When your characters really come alive

fortune-cookie-elena-koycheva-40lenneek-on-unsplash.jpg
Elena Koycheva @lenneek on Unsplash

Connor turns from the window where he has been gazing out onto the empty street. “You’re the author, Ms Hall; we’re entirely in your hands.” He fiddles with the change in his trouser pockets. “But well, we were wondering, when exactly is our book coming out?”

I stare back at him, not comprehending the situation. My gaze travels around the room. Next to me, dressed in a blue silk caftan, legs curled up underneath her on the couch, is Cynthia. She is busy examining her beautifully manicured nails. Opposite sits Lucy, long blonde hair glowing.

“It’s just that it’s been so long,” Lucy says, a little breathlessly. “I mean…” her voice trails off and Pierre, her boyfriend, who is perched on the arm of her chair, squeezes her shoulder gently.

Lucy turns to Gina who is sitting in the matching armchair next to her. I notice she is fiddling with a shiny new ring on her third finger. The light catches the bright solitaire diamond sending patterns flashing across the worn Persian rug where Asmar, Cynthia’s cat, is lounging. He dabs at the flickering light with a casual golden paw. The blaring of a televised football match filters down from the flat upstairs where Gary, Gina’s boyfriend fiancé now? must be watching.

Gina sits forward and leans towards me. “It’s not that we’re ungrateful. We’ve loved our story. It was so exciting!” She pauses for a moment. “Well, mostly.” She frowns momentarily. “It all turned out all right in the end though,” she adds, grinning. “It’s just that, I’m sorry to have to say this, but we feel like we’re in limbo.”

I look around the room at these people whom I know so well; these people with whom I’ve spent so many hours.

Connor clears his throat. “Time waits for no man… or woman.” He takes his hands out of his pockets and puffs out his chest. “I have had a second slim volume of my poetry accepted for publication since you finished our manuscript.”

I gave you an agent, I think to myself. I fiddle with the pen I’m holding and glance down to see my notebook open on my lap.

Connor darts forward and grabs it. “Oh no, Ms Hall. No more changes. It’s done. Finished. You told everyone so.”

I hold my hands up. “I know. And it is. Finished I mean.” I sigh, my hands dropping into my lap. “I’m just waiting for the artwork for the cover.”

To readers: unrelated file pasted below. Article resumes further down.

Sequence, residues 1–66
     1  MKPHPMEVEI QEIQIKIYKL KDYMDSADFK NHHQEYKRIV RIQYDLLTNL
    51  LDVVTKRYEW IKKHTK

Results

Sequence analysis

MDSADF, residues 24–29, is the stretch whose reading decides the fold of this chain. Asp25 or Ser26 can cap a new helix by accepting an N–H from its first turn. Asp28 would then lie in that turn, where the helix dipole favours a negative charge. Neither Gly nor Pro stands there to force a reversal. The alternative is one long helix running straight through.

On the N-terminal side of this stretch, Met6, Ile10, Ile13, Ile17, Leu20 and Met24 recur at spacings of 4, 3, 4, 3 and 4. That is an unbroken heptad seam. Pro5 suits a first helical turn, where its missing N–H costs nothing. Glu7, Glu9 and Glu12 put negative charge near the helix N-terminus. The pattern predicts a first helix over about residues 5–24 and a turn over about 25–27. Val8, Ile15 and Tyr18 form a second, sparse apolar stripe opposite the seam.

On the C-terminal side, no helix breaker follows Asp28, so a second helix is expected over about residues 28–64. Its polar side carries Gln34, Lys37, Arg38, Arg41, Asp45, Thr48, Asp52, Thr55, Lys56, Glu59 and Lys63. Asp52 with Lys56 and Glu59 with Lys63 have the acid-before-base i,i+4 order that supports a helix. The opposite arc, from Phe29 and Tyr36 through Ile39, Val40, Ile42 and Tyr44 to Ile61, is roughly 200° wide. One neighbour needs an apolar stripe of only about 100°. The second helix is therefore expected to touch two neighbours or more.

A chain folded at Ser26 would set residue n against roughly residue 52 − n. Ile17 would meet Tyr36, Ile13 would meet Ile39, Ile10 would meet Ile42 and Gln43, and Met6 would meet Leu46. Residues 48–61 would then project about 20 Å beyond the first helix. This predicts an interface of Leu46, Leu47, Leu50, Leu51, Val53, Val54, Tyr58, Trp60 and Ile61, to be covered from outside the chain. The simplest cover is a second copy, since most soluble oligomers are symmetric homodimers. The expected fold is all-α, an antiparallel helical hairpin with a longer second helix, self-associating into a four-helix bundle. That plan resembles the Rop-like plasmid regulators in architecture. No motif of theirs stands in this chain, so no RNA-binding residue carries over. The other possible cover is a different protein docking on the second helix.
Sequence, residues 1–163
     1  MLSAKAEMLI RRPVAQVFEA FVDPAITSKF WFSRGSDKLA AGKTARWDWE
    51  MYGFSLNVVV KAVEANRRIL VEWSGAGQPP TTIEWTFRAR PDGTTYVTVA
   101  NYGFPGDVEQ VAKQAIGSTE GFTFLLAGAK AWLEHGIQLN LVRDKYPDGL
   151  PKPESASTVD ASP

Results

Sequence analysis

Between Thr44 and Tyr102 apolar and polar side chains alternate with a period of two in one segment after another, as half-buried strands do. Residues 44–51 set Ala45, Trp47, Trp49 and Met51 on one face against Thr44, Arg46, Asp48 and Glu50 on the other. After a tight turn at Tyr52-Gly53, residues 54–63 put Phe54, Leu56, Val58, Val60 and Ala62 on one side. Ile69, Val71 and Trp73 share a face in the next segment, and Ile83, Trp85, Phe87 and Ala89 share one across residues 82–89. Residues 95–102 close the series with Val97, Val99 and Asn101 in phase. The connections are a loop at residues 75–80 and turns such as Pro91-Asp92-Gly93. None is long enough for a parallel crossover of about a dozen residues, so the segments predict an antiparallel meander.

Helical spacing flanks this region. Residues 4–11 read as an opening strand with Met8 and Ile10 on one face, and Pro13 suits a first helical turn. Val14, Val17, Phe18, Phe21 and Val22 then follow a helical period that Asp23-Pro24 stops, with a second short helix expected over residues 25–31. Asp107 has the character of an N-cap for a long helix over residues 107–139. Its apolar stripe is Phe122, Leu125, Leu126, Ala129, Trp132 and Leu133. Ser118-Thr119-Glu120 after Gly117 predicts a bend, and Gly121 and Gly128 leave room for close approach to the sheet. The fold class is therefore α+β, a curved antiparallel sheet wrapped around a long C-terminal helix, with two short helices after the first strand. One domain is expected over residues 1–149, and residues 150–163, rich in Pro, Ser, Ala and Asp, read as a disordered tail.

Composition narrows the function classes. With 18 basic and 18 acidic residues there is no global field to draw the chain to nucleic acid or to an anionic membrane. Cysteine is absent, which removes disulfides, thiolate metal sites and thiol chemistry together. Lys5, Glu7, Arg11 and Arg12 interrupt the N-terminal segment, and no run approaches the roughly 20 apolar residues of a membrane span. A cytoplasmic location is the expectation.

Connor nods gravely.

At that moment there is a knock at the door.

“It’s open,” calls Cynthia.

Tony Wong, whose flat is across the hall and who is landlord to Cynthia, Gina and Lucy, smiles and enters. He pads over the rug and holds out a bowl stacked high with pale brown crackers. “Would you like a fortune cookie, Ms Hall?”

I take one and pull out the little paper message, but it’s like one of those plot-halting moments. I can’t read a single word.


A true-life story of an author and her characters 😉

Advice for Authors: your online presence

Here’s some very sound advice for authors which I came across on J.I. (Jenn) Rogers’ Facebook author page – head over and have a look there are some really interesting and useful nuggets!

The article is by Anne R. Allen and is entitled ‘Your Online Presence: 10 Mistakes for Authors to Avoid’. Here’s the link  to this useful article (which includes another cute cat pic).

Food for thought. The article, not the cat.

The White Elephant

white elephants

Teresa, The Haunted Wordsmith, is holding a ‘White Elephant’ party throughout December and since Teresa very kindly gifted a beautiful time-turner to me yesterday, I’m continuing with three gifts of my own.


The first gift goes to Sadje of Keep it Alive and I’m giving her a display cabinet in which to keep all her well-deserved blogger awards:

Display Cabinet


Now, I actually got two of these in a Black Friday sale, so the second gift of a display cabinet goes to Salted Caramel for exactly the same reason. She also gets a second silly gift of a bowl of salted caramel flavour popcorn because I know she likes it and you can’t have too much of a good thing!

Salted Caramel Popcorn


And finally, my third gift goes  to The Dark Netizen  and I have chosen to give a him a lightsaber as I’m excited to know what he’ll do with it!

Lightsaber

Author Reviews: how do you feel?

I come across this article by one of my favourite authors, Kate Atkinson, which she wrote in response to a review of her latest novel by the American novelist Jonathan Dee in the New Yorker.

You can read the full article for yourself by following the the link below, but as I was reading, I was initially incensed on her behalf by Dee describing her as ‘matronly’. I mean, how dare he? (Note that Ms Atkinson is a contemporary of mine, even down to having grown up in the same city, not that we knew each other).

In his review, Dee makes much of a comparison with the work of Rachel Cusk, who is an exponent of “autofiction” (a form of fictionalised autobiography). There’s a further link in the main article to a piece about this form of expression, which is apparently gaining in popularity. It’s not something I’d care to explore; writing from the imagination seems to me to be the whole point of novel writing.

But back to the point about authors reviewing authors. Reviews are important, and I’m very grateful for the lovely reviews I’ve received on my published work so far. I believe that we should try to support each other and if we really don’t like a book, maybe just keep our opinions private.